Officials announce initiatives to renew Kansas City’s Northeast neighborhoods

07/28/2014 2:05 PM

07/28/2014 10:59 PM

Kansas City’s historic Northeast neighborhoods are more than 100 years old, and many blocks have seen better days.

So city officials announced several initiatives Monday to capitalize on the area’s character and charm while promoting housing improvements, business development and blight removal.

“We are starting our renewal here,” Councilman Scott Wagner said just before a backhoe tore into the roof of a graffiti-covered building known for drug use and gang-related activity at Seventh Street and Jackson Avenue.

The building is the first of what Wagner hopes eventually will be 100 decrepit buildings torn down in Old Northeast, as the city pledges to target the area for dangerous building demolitions. But that is just one element of the new “Invest Northeast” initiative that brought together city officials, community groups and representatives of seven Northeast neighborhoods that make up a coalition called Northeast Alliance Together, or NEAT.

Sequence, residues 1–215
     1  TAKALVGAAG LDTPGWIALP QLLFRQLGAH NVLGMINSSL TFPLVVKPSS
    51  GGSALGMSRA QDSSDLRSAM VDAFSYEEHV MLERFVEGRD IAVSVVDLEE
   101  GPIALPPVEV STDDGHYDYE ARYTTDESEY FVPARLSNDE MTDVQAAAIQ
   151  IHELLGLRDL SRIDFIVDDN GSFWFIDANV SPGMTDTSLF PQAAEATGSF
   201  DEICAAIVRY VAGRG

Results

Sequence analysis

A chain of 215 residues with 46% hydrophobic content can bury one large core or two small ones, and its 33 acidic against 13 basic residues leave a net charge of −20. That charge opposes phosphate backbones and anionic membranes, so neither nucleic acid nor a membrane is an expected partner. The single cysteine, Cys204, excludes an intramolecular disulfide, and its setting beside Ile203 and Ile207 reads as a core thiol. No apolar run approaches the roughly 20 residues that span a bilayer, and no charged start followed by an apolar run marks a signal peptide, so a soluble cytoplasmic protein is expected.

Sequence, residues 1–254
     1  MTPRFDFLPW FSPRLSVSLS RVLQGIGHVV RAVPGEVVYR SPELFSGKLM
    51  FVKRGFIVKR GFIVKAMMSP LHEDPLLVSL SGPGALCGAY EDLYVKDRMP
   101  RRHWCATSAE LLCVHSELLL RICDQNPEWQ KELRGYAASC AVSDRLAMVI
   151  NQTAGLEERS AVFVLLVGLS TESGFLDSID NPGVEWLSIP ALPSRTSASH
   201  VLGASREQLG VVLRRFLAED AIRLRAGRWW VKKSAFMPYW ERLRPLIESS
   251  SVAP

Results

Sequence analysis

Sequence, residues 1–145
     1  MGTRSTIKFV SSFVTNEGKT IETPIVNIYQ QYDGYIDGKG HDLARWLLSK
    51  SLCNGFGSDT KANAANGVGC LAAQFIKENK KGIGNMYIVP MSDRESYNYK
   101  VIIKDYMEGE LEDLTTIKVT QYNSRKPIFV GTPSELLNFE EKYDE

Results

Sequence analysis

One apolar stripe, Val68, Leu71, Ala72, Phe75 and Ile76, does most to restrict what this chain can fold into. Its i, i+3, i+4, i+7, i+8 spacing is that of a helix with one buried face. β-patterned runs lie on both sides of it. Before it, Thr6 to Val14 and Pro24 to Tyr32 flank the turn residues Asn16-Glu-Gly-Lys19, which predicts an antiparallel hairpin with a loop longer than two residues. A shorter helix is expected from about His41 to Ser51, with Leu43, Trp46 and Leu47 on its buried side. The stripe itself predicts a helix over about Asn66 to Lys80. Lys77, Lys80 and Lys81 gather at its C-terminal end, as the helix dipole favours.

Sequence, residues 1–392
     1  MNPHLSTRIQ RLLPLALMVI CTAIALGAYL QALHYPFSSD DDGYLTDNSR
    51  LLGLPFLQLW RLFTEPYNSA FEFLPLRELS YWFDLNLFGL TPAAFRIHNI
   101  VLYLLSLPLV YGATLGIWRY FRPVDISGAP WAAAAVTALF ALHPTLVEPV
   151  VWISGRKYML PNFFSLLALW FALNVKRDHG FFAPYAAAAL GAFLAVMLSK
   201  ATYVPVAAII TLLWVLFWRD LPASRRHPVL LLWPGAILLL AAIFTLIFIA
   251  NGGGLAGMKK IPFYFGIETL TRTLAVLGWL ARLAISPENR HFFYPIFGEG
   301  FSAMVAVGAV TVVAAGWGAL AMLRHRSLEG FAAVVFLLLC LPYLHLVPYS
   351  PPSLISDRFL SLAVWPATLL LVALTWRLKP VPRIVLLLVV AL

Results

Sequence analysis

Wagner said the city is using a $150,000 grant and $250,000 freed up from refinancing the Century Towers development at 635 Woodland and is leveraging other funds.

The money will be reinvested in Old Northeast in a variety of ways:

Property tax abatement — freezing property taxes for homeowners and business owners who complete a remodel of $5,000 or more.

Minor home repair targeted at low- or moderate-income families from Benton to Van Brunt boulevards and from Garner Avenue to Eighth Street, for roofing, windows, exterior paint, furnaces or ductwork.

Business training scholarships to help Northeast residents and existing business owners attend business-related classes at the University of Missouri-Kansas City.

Micro-loans for business owners or aspiring entrepreneurs, through St. Louis-based Justine Petersen.

The neighborhoods also have collaborated on a website,, and new wayfinding signs to further promote the area and its improvements.

To reach Lynn Horsley, call 816-226-2058 or send email to


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